That news comes from a Canadian study of nearly 1,300 teens in Montreal.
The teens completed four surveys a year for five years, starting in 1999, when they were in seventh grade. The surveys tracked "screen time," which includes TV, computers, and videos.
Here are the results:
The American Heart Association posted those findings in a news release for its 48th Annual Conference on Cardiovascular Disease Epidemiology.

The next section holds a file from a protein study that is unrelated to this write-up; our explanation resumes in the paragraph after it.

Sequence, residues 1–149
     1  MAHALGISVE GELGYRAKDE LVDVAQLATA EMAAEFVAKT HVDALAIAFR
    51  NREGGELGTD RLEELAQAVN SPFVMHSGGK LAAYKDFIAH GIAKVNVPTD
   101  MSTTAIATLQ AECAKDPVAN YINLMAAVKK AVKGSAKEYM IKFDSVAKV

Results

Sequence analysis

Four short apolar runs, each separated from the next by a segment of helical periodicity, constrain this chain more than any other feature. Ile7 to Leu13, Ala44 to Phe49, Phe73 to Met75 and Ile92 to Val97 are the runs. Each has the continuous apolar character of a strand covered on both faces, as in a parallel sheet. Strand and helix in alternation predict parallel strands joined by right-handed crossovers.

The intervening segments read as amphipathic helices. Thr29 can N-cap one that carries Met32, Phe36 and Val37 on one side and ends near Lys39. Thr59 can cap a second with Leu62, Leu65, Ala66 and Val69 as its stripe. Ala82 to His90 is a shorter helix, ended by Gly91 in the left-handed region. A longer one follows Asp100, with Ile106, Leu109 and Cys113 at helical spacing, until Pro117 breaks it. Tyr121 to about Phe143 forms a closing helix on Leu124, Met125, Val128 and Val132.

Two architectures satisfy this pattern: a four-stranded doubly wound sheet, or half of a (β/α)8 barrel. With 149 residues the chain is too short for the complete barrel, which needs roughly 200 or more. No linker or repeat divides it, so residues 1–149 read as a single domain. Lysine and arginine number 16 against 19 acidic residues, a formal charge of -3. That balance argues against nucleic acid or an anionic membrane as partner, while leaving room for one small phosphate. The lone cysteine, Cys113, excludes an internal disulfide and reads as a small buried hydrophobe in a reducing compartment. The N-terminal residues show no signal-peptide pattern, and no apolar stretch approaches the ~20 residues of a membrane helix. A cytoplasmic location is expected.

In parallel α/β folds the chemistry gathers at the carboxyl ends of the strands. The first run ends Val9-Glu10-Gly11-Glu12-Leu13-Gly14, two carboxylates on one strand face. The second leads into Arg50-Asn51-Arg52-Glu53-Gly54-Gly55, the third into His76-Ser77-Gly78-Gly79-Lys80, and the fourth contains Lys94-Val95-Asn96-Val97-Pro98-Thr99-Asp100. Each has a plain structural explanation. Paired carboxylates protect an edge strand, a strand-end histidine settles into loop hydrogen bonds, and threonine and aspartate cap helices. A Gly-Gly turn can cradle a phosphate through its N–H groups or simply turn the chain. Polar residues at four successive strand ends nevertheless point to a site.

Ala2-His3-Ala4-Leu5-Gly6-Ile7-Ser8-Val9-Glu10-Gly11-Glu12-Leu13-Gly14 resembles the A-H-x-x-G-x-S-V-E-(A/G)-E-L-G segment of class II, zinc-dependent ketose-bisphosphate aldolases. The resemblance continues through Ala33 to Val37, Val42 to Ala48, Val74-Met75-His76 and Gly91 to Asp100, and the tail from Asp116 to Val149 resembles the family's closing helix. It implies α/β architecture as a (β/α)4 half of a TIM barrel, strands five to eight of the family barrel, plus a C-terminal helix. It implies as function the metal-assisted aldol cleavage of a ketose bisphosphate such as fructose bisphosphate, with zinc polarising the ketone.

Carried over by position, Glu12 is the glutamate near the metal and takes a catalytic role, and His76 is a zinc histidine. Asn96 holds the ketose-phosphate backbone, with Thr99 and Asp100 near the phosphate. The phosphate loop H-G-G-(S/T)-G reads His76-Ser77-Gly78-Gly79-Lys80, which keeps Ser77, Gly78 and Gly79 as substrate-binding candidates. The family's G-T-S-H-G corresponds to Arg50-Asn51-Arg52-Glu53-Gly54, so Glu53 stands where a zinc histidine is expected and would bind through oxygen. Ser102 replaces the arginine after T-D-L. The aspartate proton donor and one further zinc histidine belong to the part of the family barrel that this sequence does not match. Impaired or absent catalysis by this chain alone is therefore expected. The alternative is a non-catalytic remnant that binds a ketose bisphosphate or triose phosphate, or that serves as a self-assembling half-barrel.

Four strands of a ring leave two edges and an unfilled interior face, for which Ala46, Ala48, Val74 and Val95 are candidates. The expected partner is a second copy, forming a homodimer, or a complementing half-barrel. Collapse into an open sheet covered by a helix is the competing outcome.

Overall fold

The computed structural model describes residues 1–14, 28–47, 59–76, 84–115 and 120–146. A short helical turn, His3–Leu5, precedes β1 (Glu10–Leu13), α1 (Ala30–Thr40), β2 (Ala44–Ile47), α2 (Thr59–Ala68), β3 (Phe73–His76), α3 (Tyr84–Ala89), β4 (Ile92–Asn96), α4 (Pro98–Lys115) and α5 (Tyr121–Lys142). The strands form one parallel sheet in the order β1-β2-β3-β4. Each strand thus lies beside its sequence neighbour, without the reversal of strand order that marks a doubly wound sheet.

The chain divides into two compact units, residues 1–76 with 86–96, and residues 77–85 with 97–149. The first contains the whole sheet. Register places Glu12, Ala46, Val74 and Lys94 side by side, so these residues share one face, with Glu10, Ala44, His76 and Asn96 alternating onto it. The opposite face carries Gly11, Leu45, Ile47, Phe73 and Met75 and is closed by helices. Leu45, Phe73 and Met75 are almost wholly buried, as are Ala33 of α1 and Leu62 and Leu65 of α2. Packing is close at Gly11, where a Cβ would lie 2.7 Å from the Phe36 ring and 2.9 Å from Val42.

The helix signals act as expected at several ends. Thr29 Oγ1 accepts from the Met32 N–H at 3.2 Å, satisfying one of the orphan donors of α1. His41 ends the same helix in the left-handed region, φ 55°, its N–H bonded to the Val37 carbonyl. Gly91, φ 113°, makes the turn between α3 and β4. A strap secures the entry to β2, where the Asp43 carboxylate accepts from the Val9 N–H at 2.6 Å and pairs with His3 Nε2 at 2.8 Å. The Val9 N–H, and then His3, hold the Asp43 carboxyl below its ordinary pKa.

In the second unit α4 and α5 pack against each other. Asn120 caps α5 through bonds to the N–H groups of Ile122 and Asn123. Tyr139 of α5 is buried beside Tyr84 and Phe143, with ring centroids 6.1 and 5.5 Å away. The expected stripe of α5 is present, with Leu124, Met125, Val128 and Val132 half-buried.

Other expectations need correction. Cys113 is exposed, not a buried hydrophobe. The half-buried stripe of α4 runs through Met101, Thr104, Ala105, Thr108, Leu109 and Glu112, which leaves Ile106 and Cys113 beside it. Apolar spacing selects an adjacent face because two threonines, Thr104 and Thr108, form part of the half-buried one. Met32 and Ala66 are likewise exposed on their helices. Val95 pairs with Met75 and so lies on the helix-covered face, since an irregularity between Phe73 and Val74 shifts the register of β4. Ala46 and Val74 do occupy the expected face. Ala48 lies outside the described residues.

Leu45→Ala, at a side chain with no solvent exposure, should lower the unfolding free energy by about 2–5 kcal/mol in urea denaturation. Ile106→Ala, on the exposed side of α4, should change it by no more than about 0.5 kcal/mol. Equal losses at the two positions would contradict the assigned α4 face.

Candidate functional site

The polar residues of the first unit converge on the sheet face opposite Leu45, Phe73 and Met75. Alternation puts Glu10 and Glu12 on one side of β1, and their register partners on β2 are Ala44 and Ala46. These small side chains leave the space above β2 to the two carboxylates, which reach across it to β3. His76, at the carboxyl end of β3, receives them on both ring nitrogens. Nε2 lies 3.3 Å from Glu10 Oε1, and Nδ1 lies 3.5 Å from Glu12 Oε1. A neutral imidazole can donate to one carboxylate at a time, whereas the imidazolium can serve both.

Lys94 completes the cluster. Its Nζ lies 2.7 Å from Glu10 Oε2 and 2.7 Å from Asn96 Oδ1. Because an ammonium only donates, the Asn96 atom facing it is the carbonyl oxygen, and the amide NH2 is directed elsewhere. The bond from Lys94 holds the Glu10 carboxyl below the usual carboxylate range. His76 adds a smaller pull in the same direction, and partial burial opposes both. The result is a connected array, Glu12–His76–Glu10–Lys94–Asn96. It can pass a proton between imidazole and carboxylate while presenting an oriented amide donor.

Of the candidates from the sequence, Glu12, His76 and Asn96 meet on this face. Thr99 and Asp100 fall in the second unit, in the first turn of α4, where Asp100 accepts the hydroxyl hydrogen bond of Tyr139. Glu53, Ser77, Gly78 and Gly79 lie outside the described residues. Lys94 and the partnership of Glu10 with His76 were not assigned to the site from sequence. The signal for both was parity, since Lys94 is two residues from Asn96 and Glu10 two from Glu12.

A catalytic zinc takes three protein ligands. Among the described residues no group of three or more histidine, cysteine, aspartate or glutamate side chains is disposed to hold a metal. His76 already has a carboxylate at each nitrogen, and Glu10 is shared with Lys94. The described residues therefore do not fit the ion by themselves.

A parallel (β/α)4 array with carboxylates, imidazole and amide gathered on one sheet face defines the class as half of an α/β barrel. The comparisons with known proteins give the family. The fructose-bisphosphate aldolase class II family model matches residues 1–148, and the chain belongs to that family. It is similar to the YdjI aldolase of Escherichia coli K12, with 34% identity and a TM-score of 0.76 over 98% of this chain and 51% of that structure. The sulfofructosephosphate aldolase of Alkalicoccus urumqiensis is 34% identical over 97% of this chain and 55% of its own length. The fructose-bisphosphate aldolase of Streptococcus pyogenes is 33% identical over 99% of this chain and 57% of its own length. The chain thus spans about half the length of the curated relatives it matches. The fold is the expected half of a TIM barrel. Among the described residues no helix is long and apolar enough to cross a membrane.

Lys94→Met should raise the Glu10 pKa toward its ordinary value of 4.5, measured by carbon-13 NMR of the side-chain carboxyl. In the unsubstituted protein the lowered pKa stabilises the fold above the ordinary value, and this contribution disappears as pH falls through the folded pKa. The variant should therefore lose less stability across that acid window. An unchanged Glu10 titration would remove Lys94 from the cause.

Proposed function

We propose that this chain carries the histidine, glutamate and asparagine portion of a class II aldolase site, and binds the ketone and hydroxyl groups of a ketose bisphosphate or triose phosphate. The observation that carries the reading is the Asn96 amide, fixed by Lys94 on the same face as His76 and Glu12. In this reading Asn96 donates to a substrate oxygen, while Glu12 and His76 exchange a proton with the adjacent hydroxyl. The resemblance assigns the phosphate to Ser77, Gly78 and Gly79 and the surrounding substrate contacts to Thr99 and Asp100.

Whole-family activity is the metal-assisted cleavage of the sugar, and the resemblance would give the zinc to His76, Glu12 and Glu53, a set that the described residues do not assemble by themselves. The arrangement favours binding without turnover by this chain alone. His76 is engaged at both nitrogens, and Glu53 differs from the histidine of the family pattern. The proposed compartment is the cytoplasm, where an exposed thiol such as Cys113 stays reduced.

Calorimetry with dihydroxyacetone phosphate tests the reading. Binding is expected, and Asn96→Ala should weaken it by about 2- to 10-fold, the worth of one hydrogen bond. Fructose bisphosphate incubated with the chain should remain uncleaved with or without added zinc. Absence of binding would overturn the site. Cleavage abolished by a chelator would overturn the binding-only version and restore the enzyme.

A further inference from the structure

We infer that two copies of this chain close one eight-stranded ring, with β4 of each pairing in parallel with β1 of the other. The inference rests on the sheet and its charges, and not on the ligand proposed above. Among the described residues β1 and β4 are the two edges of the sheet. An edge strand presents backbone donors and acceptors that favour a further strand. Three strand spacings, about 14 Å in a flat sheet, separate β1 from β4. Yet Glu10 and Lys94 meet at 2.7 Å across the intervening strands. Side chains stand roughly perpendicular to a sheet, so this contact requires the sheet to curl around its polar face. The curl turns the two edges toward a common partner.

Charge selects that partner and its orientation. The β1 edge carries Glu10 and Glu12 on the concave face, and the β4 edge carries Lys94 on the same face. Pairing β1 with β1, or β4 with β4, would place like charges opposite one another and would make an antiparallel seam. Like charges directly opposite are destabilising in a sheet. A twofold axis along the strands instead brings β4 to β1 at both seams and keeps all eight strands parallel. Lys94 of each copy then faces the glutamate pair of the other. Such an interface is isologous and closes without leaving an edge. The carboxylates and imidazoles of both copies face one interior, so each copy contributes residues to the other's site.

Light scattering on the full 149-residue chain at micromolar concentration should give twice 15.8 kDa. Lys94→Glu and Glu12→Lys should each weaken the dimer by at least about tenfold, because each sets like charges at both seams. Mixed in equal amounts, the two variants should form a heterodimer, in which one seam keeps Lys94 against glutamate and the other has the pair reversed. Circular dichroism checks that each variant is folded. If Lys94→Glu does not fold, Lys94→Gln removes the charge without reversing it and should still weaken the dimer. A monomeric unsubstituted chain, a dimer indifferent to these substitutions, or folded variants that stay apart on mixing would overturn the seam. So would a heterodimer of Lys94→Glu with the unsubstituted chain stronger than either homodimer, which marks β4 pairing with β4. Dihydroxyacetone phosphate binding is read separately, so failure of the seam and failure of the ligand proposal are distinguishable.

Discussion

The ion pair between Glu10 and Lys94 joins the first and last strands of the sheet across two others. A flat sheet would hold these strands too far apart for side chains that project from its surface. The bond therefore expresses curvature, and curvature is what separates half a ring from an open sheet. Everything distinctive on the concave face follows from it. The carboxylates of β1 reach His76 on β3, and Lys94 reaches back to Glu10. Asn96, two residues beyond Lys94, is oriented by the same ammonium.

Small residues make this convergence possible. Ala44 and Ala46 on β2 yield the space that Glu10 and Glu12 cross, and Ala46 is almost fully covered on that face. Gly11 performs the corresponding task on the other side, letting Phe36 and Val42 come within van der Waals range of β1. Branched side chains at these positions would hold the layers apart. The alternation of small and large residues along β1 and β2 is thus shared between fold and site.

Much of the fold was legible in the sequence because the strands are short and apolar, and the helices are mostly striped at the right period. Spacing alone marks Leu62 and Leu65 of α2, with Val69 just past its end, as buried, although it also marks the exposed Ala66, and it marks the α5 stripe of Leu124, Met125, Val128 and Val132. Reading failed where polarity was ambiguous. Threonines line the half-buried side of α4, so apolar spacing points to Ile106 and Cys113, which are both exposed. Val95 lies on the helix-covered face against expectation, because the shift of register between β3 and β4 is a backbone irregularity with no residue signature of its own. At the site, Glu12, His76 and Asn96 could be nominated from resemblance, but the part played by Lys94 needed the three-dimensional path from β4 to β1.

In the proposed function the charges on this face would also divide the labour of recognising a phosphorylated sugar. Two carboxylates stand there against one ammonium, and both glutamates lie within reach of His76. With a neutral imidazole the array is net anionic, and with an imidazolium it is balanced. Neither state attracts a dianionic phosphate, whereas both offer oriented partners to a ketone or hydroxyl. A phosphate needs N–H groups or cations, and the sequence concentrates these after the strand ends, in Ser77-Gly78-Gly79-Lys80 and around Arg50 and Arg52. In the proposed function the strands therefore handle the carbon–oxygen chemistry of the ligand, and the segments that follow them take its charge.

Children in low-income neighborhoods tended to report more screen time than kids in wealthier areas, note Tracie Barnett, Ph.D., and colleagues.
"We should make sure that teens living in these neighborhoods have access to safe and appealing active alternatives to sitting in front of screens," Barnett says in a news release.
Barnett's team will present its study today at the American Heart Association's conference in Colorado Springs, Colo.
By Miranda Hitti
Reviewed by Louise Chang
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